El Dorado County Supervisors posed their own version of the proverbial “chicken and egg” conundrum during Tuesday’s board meeting. In forecasting for growth, should housing projections come before traffic impact projections? And the answer is yes, no, we’re not sure. Housing projections must be at least partially based on existing or planned infrastructure, while infrastructure needs must be based on realistic housing projections.
Determining some reasonable solution to the dilemma was part of an update on the county’s “residential permit forecast” presentation by the Community Development Agency’s Long Range Planning Division. The CDA recommended and the board approved what has been termed the “long slow climb” approach to the 10-year forecast cycle. That method shows a cumulative growth rate of approximately 15 percent resulting in 3,329 housing permits being issued by fiscal year 2022-23.
Two other options were described , a “moderate growth” methodology which represented a slightly more aggressive basis for projections (4,865), and another based on “Approved Tentative Map Forecast (3,166).” The latter was not recommended as it contains an element that suggests after five years, “permit activity may decline.”
The permit forecast is an element required by the county’s general plan and is part of the foundation of the Capital Improvement Program. Also according to the general plan, the 10-year CIP must be updated every five years. Tuesday’s action on the annual “minor update” to the permit forecast “initiates the annual updating cycle for both the CIP and the TIM Fee Program,” an agenda document states. The TIM fee is the county’s Traffic Impact Mitigation fee charged to developers to pay for infrastructure improvements in advance of receiving a building permit. The bulk of the fees are paid by residential developers.
In accordance with the TIM policy, the county is obligated to reimburse each permitee a portion of the funds that were originally advanced at the end of a set term.
The bigger picture involves a 20-year growth forecast which, when completed, will generate the subsections of CIP and permit forecasts and will eventually drive both along with the TIM fee program. The interconnected programs and processes are all configured within the dictates of the general plan.
Development staff listed five factors which led them to recommend the more conservative “slow climb” approach. First is the “slow recovery of the housing market” followed by the “cost of homes” and a relatively sluggish pace for new construction. “Keeping cash on hand to repay current and future obligations” was an important consideration as well. Lastly, the uncertainty associated with a “potential revised growth trend during the major CIP update” was given as a significant reason to go conservative with the projections pending completion of the 20-year growth forecast. “Staff anticipates presenting information in February or March 2014, to provide the Board an opportunity to revisit growth trends used in development of the CIP and TIM Fee programs,” the documents note.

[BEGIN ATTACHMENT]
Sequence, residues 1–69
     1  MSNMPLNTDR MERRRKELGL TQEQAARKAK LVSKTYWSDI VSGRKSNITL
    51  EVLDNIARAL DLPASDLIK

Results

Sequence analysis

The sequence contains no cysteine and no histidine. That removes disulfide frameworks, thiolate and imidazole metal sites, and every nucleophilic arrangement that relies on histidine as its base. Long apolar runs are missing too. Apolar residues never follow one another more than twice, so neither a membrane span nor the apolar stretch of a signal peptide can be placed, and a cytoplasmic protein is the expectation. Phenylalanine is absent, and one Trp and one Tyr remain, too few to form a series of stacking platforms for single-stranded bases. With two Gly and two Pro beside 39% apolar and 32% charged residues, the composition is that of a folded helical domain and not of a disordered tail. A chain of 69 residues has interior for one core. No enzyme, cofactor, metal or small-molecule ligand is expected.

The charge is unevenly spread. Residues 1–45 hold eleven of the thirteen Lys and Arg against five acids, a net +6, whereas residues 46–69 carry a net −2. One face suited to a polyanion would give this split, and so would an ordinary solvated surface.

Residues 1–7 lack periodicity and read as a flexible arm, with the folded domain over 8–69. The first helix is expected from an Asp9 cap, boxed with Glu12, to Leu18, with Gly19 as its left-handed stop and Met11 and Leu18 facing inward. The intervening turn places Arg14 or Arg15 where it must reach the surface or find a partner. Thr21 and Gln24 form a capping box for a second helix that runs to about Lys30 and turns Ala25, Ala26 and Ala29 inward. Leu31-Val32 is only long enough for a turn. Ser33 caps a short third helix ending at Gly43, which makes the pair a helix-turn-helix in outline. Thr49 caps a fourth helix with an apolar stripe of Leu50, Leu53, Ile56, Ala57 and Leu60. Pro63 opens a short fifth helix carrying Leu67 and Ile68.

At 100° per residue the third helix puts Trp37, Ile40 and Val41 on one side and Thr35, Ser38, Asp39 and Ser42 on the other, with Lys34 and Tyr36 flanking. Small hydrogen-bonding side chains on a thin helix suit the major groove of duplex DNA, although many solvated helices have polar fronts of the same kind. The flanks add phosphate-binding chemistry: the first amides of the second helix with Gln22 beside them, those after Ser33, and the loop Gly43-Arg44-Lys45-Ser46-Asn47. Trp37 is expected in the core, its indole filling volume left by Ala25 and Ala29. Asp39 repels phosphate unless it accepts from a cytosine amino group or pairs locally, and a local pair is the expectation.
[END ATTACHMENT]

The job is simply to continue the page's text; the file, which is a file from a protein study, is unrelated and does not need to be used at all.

District 5 Supervisor Norma Santiago and District 1’s Ron Mikulaco questioned the department’s “conservative” recommendation based on some of the data presented by Long Range Planning engineer Claudia Wade. In fact, Wade showed a relatively positive picture of recent housing activity in the county. The Housing Permit Forecast for FY 2013-2014 was 104, however between July 1 and Oct. 31 of this year, that projection has already been 88 percent met by receipt of 91 permit applications.
“Why the slow climb given the actual data?” Santiago asked.
Assistant Director for the Long Range Planning Division, Dave Defanti cautioned the board not to jump ahead too soon. “We’re just on the brink, getting ready for major updating,” Defanti said. “Forecasting, while based on science is also an art.”
Wade had also assured supervisors that whatever direction they gave “we can revise and update” our projections.
Kris Payne, former engineer with the county’s department of transportation gave his view on projections. “The only data I trust are the actuals,” Payne said and continued to point out that every Tuesday board meeting offers the opportunity for supervisors to approve more development which “causes the need for a road system, not just one road.” In effect, a development in one area affects transportation issues far beyond its immediate neighborhood, and that is a critical factor in long-range planning. Payne concluded his remarks by noting that “It’s a very complex issue.”
Sue Taylor of Camino challenged the board on several issues related to development. She said the county is already on the hook for $50 million for prior infrastructure development. “Get back to reality,” Taylor urged. “We need more jobs instead of more houses.” Taylor, a former candidate for District 3 Supervisor has regularly opposed some development policies especially the Community Region designation for Camino and Pollock Pines and is a major voice in efforts to “keep the county rural.”
El Dorado Hills activist Bill Welty described traffic and congestion on Highway 50 in the west county reminding supervisors that at times the Level of Service is rated “F” that is failing and that the county’s Measure Y should prohibit many of the assumptions on which the housing projections are based.
Mikulaco was concerned enough with the data and methodology being presented that he was a lone “no” vote on the motion to adopt the “long slow climb” approach to the permit forecast update.